A group of a dozen or so budding young business people have been busy of late brainstorming and honing their marketing and fundraising skills.
Aiden Lindal and Cam McMicken, both in Grade 12 at Belmont secondary and members of the West Shore Young Entrepreneurs Club, enthusiastically described how a recent five-day business challenge saw their group take $100 in seed money and turn it into a little over $900, to be donated to the Westshore Christmas Hamper Fund.
“The deadline was supposed to be Dec. 2, but we worked all through that weekend to raise more money,” said Lindal, who sold water bottles, while McMicken focused on selling gift bags containing a variety of items.
Lindal, who had previously arranged to sell water bottles out front of the busy Glenwood Meats store in Langford, had the value of networking reinforced during the challenge. Owner Rick Fisher agreed to not only buy 100 bottles to give Lindal’s team a boost and contribute to the food bank, he donated the bottles back to the students so they could sell them again and make even more money for the cause.
A second team, overseen by Lindal’s father Dean, also sold gift bags and made roughly $300 profit for their efforts.
“I noticed just with that constrained time frame, it just caused them to be a bit more creative and take a few more chances,” said Dean, who helped launch the West Shore club and works by day with international leadership and mentoring group, the Young Presidents Organization.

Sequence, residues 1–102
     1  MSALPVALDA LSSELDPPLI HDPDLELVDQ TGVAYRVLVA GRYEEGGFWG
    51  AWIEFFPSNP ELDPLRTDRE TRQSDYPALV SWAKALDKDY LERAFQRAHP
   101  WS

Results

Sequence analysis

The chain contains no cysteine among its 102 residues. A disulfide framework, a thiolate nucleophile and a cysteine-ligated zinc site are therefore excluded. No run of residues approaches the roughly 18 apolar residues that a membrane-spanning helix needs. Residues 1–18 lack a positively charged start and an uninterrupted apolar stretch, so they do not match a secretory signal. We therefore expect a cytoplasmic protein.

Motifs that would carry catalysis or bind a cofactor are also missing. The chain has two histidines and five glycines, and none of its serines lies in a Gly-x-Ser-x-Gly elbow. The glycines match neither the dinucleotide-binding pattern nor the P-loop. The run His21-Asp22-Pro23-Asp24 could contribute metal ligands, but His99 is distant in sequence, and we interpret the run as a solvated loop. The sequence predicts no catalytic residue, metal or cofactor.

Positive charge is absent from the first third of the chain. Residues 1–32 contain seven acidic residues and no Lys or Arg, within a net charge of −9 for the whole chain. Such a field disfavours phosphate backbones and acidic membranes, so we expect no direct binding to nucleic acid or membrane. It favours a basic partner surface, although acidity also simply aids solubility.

“Watching them trying to figure out price points on the gift bags, and just the genuine passion and enthusiasm to create a business and how they came up with a product … I was actually pretty impressed, it got me pumped up.”
The challenge came out of the club’s inaugural meeting, organized by club mentors Dean Lindal and financial planner Mike Adamek. At that event the high school students – one is in middle school – heard guest speaker Kevin Daum, a New York-based author and Inc. Magazine columnist, speak about the value of good employees. Other guests included Langford Mayor Stew Young, Teenfest CEO Ali Berman, social media coach and entrepreneur David Caughran and venture capital organization CEO Stephen Davis.
Aiden Lindal and McMicken were among the business-minded youth who spearheaded the creation of New Ventures, the entrepreneurial leadership course at Belmont. Students in the program run the school’s Lakeside Cafe and are in charge of selling school clothing and other spirit items.
The two friends plan on getting into some kind of business together after graduation, and they agree it will be something with a charitable element.
“Cam and I have been brainstorming business ideas for about the past 1-1/2 years,” says Lindal, whose younger brother, Ben, is also in the club.
Adds McMicken: “It has to be something new and innovative and gives back to the community. And it has to involve youth.”
Echoing Daum’s words, Adamek has counselled the teens on the importance of good employees to a business.
“The most valuable inventory you have is your people,” McMicken said.
The Young Entrepreneur’s Club plans on holding breakfast meetings monthly, with guest speakers from the world of business brought in to talk about their experiences with a goal of inspiring these budding young minds to greater things.
As for Lindal and McMicken, they hope to one day be among the mentors whose entrepreneurial success can inspire the following generation of business leaders.
To find out about the club, email Dean Lindal at firstname.lastname@example.org.